Why, then, is the Shilshole Bay name applied to the body of water west of the Ballard Locks? Shouldn’t Shilshole Avenue, Shilshole Bay, and šilšul all be in the same location? According to Edmond Stephen Meany’s 1923 Origin of Washington Geographic Names, citing early settler Arthur A. Denny’s 1888 Pioneer Days on Puget Sound,

In December, 1852, Arthur A. Denny, knew the bay as “Shilshole.” It was later changed to Salmon Bay because it was thought to be frequented by Salmon.

Today, Shilshole Avenue NW begins at 14th Avenue NW in the east and goes ⅘ of a mile northwest to 24th Avenue NW, just short of NW Market Street.

Section of Map of Township № 25 North, Range № 3 East of the Willamette Meridian, 1855, showing Salmon Bay labeled as Shilshole Bay
Section of Map of Township № 25 North, Range № 3 East of the Willamette Meridian, 1855, showing Salmon Bay labeled as Shilshole Bay.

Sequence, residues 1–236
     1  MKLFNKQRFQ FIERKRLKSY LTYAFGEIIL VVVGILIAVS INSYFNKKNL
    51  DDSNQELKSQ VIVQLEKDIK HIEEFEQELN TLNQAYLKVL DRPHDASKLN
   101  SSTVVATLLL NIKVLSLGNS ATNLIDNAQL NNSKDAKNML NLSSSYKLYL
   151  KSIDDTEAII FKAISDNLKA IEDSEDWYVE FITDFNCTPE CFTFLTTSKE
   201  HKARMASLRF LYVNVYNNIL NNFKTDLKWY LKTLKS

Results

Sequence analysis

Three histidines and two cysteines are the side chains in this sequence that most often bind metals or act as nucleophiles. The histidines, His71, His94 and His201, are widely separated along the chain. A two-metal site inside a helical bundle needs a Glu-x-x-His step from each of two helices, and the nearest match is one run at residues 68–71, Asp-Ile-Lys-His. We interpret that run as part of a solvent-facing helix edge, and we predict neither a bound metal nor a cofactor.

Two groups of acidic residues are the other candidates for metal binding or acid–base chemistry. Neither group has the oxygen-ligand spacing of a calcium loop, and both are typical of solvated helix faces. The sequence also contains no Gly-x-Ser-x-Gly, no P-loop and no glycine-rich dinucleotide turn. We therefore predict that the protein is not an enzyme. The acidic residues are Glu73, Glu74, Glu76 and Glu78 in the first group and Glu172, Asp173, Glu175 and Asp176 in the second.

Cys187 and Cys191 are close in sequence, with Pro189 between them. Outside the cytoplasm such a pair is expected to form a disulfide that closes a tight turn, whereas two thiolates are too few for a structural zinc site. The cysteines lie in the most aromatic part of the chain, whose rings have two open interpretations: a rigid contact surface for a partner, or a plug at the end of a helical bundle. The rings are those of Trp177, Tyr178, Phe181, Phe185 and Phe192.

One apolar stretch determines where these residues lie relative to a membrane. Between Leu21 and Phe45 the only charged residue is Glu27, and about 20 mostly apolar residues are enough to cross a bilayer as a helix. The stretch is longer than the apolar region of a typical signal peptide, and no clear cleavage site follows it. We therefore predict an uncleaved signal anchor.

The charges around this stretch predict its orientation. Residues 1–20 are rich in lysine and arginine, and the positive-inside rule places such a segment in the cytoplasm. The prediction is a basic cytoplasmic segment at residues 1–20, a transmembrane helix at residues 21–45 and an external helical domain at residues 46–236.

S Fontanelle Street

This fragmented street starts at Rainier Avenue S and travels two blocks west to 46th Avenue S. It makes its next appearance in Beacon Hill as a block-long street hanging off Military Road S, just east of Interstate 5. There are a few more blocks in South Park, from 5th to 2nd Avenues S, then half a block in West Seattle just west of California Avenue SW and a few final blocks from just east of Vashon Place SW to 47th Avenue SW at Lincoln Park. It is named for Fontanelle, Iowa, where Joseph and Catherine (Henderson) Dunlap (of S Henderson Street) lived before coming to Seattle in 1869.

S Angeline Street